Unlike some manufacturers, Dell continue to provide an RJ45 network cable socket. I had hoped that Dell would have seen the benefit of an additional side-mounted USB port, but no such luck. Consequently, I frequently have to grope around the back of the computer when I want to connect more than one USB storage device. The back is also home to both an HDMI port and a mini-DisplayPort which provides an affordable route to a wide range of video connectors. There is no built-in VGA port but unbranded mini-DisplayPort to VGA adapters are reasonably priced.
Right side, left to right: Audio socket, USB 3.0 port, security slot. Dell could have usefully squeezed in an extra USB port because the hardware wireless devices switch provided on the E7440 has been omitted.
The bottom of the computer includes a docking bay connector and the removable battery. The bottom air vent panel on the E7450 is about 60% larger than on the E7440 but not all is effective due to parts overlying the chassis.
An FHD (1920 x 1080) resolution non-glare display was on my list of essential requirements. This E7450 has the LGD046D panel while my E7440 came with the AUO113D panel. The E7440’s AUO display was good but the LG display looks better still. The main reason for this is probably that the AOU panel is slightly sparkly due to over-generous application of the anti-glare coating so the LG panel looks crisper. The viewing angles are excellent.
The LG panel’s color rendering is slightly reddish but I have adjusted it using my Spyder 4 Express calibrator which revealed that the overall color rendering of the LG panel is slightly worse than the AUO panel. Side-by-side comparison suggests that the LG panel on the E74450 is slightly brighter although both are rated at 300 nit and the LG panel appears to have slightly better contrast. My eyes love it. However, potential purchasers be forewarned that there is no certainty about which version of the LCD panel will be supplied.
Dell located two speakers on the front side of the chassis. The positioning on the angled edge appears to benefit from the computer being on a table top so that the sound can be reflected upwards. Both audio quantity and quality are relatively good with more than a hint of bass. The volume is sufficient for a medium sized room with no serious distortion when the volume is increased.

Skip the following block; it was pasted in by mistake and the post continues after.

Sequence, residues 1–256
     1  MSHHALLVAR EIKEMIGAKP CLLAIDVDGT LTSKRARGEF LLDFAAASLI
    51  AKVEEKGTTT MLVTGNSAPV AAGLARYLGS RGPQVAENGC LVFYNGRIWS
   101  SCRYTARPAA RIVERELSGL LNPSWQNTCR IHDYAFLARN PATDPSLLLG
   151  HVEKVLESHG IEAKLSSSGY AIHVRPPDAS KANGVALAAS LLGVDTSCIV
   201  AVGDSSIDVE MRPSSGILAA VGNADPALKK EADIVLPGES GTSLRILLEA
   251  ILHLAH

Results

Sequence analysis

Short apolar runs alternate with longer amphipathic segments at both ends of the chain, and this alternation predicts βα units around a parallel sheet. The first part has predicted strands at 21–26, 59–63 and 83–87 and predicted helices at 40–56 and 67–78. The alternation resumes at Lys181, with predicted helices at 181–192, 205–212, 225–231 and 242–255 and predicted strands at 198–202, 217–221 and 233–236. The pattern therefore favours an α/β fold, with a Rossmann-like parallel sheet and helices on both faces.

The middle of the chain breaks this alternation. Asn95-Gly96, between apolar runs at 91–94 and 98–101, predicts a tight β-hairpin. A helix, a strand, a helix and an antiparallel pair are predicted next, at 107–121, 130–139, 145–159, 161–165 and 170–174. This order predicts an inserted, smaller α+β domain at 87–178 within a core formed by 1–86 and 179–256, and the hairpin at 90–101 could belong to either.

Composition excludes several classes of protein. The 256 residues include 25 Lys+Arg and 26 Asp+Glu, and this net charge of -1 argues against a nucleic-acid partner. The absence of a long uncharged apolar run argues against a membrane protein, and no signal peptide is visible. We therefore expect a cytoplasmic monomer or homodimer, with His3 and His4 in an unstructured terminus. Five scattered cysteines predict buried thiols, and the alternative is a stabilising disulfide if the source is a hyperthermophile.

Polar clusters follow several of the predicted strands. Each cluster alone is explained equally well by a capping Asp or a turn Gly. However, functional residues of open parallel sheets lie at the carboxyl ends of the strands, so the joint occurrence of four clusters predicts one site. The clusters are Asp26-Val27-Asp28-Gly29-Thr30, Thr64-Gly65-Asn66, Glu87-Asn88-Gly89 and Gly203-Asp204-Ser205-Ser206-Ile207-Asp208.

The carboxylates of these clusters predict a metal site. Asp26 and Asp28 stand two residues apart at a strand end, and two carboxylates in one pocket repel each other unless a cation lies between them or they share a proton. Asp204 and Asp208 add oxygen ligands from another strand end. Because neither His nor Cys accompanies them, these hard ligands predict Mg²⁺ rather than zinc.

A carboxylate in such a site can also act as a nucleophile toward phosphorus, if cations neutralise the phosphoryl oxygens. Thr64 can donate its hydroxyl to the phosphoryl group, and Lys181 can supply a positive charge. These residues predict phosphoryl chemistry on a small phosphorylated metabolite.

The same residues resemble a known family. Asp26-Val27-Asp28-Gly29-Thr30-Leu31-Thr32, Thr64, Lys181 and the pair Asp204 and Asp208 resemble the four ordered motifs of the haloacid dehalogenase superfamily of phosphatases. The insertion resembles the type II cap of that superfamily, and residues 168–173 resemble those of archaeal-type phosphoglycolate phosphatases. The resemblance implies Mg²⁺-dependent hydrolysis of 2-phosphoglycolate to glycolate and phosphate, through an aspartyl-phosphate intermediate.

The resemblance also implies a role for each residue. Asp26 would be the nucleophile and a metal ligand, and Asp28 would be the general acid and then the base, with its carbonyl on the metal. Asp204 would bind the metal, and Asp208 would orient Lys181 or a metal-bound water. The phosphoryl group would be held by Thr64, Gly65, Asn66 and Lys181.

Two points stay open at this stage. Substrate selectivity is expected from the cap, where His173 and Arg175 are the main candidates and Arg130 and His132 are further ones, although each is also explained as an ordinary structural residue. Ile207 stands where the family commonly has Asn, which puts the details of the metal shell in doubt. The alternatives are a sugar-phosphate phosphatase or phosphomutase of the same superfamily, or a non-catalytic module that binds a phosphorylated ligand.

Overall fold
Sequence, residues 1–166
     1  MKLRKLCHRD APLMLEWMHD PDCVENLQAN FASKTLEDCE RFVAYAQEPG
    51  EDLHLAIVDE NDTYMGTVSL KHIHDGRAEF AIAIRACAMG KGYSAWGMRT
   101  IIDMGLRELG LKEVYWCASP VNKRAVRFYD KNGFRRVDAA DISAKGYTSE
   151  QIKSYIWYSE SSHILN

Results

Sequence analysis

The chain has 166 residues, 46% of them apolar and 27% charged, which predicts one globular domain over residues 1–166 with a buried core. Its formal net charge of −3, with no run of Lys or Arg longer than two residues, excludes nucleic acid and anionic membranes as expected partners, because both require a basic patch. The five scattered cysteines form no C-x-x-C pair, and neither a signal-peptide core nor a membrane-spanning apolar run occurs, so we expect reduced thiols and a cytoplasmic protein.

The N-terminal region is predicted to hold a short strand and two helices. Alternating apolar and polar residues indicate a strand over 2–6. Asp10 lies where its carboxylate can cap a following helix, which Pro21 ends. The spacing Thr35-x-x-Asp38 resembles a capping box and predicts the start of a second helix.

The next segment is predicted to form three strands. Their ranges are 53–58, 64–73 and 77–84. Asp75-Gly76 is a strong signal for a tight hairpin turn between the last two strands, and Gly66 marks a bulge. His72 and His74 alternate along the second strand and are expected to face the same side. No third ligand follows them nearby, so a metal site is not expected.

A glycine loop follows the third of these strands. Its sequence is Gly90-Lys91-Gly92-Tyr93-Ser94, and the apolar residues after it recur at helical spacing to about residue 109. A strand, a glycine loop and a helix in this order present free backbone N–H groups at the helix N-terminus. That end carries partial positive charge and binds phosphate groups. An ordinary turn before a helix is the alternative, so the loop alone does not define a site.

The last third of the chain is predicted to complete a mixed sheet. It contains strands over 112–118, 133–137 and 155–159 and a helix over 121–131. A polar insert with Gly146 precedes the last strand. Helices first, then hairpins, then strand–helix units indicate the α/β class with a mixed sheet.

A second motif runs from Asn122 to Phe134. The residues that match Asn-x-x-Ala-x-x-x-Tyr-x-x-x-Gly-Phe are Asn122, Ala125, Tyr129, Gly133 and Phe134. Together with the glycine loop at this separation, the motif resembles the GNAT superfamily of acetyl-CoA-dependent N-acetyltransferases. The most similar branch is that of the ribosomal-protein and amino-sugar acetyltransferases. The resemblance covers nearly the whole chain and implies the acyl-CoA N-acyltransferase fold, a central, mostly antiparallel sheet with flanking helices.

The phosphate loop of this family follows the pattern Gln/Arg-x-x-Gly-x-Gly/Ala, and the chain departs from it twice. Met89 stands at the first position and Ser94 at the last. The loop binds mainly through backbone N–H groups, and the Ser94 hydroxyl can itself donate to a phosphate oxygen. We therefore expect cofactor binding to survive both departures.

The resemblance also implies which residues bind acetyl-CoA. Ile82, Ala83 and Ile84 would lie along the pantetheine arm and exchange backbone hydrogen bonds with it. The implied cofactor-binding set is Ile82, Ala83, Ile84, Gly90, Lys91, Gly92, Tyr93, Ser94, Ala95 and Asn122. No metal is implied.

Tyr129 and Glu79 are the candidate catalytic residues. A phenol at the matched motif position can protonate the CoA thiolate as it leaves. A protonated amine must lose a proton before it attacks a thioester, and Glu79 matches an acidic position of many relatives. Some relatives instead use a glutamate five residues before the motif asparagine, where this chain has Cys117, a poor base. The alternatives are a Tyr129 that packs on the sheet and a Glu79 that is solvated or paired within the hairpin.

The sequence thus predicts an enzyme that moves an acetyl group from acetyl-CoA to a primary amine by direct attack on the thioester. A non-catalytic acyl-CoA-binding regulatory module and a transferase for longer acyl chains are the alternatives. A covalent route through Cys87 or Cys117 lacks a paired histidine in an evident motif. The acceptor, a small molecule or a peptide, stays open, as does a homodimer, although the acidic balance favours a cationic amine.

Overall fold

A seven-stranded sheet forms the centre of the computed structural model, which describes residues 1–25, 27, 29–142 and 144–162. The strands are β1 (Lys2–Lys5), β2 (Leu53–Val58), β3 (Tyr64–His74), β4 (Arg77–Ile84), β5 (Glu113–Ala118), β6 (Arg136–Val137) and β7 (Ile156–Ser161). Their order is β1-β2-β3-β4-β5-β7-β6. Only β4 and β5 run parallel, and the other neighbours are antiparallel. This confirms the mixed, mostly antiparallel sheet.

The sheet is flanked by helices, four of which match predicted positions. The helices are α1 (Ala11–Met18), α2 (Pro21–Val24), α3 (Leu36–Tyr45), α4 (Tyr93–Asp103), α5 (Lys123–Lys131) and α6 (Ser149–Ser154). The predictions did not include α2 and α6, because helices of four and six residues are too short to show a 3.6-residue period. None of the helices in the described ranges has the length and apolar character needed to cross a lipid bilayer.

The keyboard has good travel (about 2.5mm (0.1″)). The keys backlit (an option) which improves legibility of the white letters under all lighting conditions although the blue lettering for Fn key functions does not show up so clearly. The lettering on the E7450’s keyboard is not quite a bold as on the E7440 and the blue markings for the Fn key functions are more effectively illuminated on the older notebook. However, the biggest change is the use of a separated key layout in which the keys poke through holes in a frame. This gives a more solid key action because keyboard flex is reduced. The other significant change is that Home and End no longer have their own keys but require use of the Fn key.
The other significant change is that Home and End no longer have their own keys but require use of the Fn key. The keyboard drain hole provided on the E7440 has not been carried through to the newer model.
The touchpad on the E7450 is a size larger than the pad on the E7440 and the keyboard has been moved towards the back of the computer to make space for this. The pad has separate buttons and also has a second set of buttons (with a middle button) for the pointing stick. The pad is quite usable and supports gestures.
I noted above the metal display back covering the antennae, unlike the plastic panel on the E7440 (and other Latitudes I have previously owned) which might have adverse impact on the WiFi performance. A simple comparative test with the E7440 several rooms away from my router showed that the E7450 signal strength was slightly weaker. The WiFi throughput at 2.4GHz was about 10% less on the E7450 but at 5GHz the E7450 was about 50% faster. It therefore appears that the newer WiFi card in the E7450 substantially compensates for the weaker signal.